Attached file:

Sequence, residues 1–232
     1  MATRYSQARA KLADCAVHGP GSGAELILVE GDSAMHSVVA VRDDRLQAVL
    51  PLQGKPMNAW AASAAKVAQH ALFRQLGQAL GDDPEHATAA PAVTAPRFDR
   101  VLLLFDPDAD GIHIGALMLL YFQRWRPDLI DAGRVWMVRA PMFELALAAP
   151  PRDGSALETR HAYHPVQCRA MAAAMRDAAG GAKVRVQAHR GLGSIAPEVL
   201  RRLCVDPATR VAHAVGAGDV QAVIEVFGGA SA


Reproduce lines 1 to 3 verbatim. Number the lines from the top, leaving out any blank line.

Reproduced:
Sequence, residues 1–232
     1  MATRYSQARA KLADCAVHGP GSGAELILVE GDSAMHSVVA VRDDRLQAVL
    51  PLQGKPMNAW AASAAKVAQH ALFRQLGQAL GDDPEHATAA PAVTAPRFDR